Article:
What did all that mean? Basically, we shipped stuff home. We might send it through the local mail. Other times we would ship it back to the States with friends who visited or folks we met while traveling. We gave them postal money and instructions to ship it to Aaron’s mom, the Keeper of our Stuff. Really a very easy solution. We took a photo of most things before it left our hands so that if it got lost we could at least remember it later. Turns out, nothing got lost!
We were happily surprised by how friendly and efficient the postal services were around the world. Our fabrics from Tanzania arrived in Florida in less than a week! Crazy! The Cardiff post office in Wales actually told us exactly how to divide our stuff up so we could get the lowest price AND THEN scrounged up free packing materials for us! We shipped things from four continents and it all arrived with no problems at all. In fact, we also mailed about 10-15 postcards from every country we visited and every one made it. Postal services are pretty darn amazing! As were our friends who were kind enough to carry stuff back for us and Aaron’s mom for collecting it all and then shipping it to us in Seattle. So that’s how we were able to bring home a little collection of treasures to remind us of the trip.
Once home we held a Box Opening Party. At first that seemed like a weird, self-absorbed thing to do (as if this blog isn’t just a bit narcissistic), but we did it anyway; fitting in as many friends as our house would allow, including a few out of state visitors (how great is that!).
Here’s a 90 second video to give you an idea of what it was like opening all our long-ago-shipped treasures.
This is a five minute narrated video showing all our awesome stuff! If you missed the party and want to see it all, here you go!
Lastly, Just Carry-ons? No Way!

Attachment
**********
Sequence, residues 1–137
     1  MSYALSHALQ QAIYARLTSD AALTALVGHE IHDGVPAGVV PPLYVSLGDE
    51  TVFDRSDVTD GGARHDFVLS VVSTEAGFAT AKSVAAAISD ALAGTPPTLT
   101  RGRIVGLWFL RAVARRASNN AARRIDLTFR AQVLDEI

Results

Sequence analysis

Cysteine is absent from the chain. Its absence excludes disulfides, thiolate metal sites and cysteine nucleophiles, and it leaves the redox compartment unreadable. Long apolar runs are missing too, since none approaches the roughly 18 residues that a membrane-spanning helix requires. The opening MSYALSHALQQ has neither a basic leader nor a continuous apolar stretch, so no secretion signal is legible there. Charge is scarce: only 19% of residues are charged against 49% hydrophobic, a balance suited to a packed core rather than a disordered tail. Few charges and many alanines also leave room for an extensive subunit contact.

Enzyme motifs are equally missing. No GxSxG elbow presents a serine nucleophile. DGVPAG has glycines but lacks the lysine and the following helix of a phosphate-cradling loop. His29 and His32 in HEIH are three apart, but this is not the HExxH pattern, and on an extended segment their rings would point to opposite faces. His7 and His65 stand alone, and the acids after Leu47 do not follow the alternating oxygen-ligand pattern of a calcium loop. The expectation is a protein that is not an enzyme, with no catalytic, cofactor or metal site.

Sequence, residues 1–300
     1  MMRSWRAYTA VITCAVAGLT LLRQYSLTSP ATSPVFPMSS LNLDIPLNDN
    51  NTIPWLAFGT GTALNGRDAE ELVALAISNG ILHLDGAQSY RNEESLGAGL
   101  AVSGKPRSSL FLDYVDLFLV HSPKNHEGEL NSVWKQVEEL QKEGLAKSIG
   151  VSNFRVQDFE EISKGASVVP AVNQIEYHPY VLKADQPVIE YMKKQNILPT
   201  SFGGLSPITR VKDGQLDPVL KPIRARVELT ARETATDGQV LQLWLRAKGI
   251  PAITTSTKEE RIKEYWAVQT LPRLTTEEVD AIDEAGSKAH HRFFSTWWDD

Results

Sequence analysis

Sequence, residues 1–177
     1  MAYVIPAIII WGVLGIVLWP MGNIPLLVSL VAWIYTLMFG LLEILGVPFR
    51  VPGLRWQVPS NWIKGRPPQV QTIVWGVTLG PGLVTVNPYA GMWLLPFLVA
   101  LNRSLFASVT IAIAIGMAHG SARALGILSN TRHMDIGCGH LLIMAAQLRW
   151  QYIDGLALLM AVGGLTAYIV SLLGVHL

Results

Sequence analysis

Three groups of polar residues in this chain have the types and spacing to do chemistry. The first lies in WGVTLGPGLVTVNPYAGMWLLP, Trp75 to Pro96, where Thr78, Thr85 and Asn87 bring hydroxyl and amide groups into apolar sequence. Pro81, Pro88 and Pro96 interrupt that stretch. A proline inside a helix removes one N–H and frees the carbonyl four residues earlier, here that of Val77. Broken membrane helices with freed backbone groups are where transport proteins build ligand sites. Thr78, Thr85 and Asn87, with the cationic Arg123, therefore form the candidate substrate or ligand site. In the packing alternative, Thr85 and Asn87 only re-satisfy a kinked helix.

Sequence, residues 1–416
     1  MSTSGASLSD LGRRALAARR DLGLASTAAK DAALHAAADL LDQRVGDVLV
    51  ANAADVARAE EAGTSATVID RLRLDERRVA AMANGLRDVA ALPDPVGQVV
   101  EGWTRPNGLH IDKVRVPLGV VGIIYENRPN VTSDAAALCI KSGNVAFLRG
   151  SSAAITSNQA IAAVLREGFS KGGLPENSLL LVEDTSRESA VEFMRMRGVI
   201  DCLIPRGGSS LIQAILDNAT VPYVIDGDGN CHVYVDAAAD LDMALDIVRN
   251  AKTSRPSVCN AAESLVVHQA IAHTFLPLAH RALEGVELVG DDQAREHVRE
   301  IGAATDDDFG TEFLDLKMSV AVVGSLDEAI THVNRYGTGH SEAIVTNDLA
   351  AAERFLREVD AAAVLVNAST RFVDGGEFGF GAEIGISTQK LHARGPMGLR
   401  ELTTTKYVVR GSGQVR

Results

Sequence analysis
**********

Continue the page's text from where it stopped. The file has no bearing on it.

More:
Trust me, we’ve been grilled on this one. Actually, yes, we travelled the world for those 15 months with just carry-on’s. Most of the time we also had a small extra bag with us for all our electronics, passports, money, etc, but on some trips they didn’t allow us to carry-on the third bag. In that case we’d empty the bag, fold it up (everything has to be packable on a trip, even the packs!) and fit everything into our pockets to board the plane. We’d then pull out the third bag once we reached our seats, empty our pockets and it was back to business as usual! All together the two of us brought 45 pounds of stuff with us on the trip. Yes, about 10 kilos / 22 pounds each. We had no problems with weight overages at airports…though we juuust squeaked by sometimes. Our luggage always fit in the overhead compartment, which meant it rarely traveled out of our sight — which is kind of what we wanted. It made travel less worrisome and a lot easier. A LOT! We always managed to stress about “will they let us take it on…what if we have to check…don’t forget your medicine this time!“, but it was never a problem. Not once. Well, as long as you don’t count the time when Aaron’s suitcase went missing in Mongolia.
On our very last flight, the one back to the U.S., I was shoving my pack into the overhead where it was gonna fit, no problem, but the guy across the aisle from me said some passive aggressive thing under his breath about “over-packed did we?“. I quietly smiled at the man while thinking to myself, “Sir, you have no idea just how lightly I have packed.” With that, I sat down and headed to Boston.
And that, my friends, is the story of our Stuff.
I love this post. And I died laughing at the video clip from the party. That night was SO much fun.
So happy you could provide the soundtrack to the box opening. Awwwwwesome!
How in the world you kept from buying such a small amount of fabric in Tanga is definitely a tribute to your self-control. I would have had to hire a whole airplane to get my choices home. It was such fun visiting and seeing all your treasures. My favorite is still the tiny sculpture made out of watch parts. Such wonderful treasures with so many fine memories attached.
Next time we go to Tanzania I’m bringing a seperate suitcase just for the amazing fabrics. I’m not even joking.
Great stuff about stuff. I am stuffed with laughter!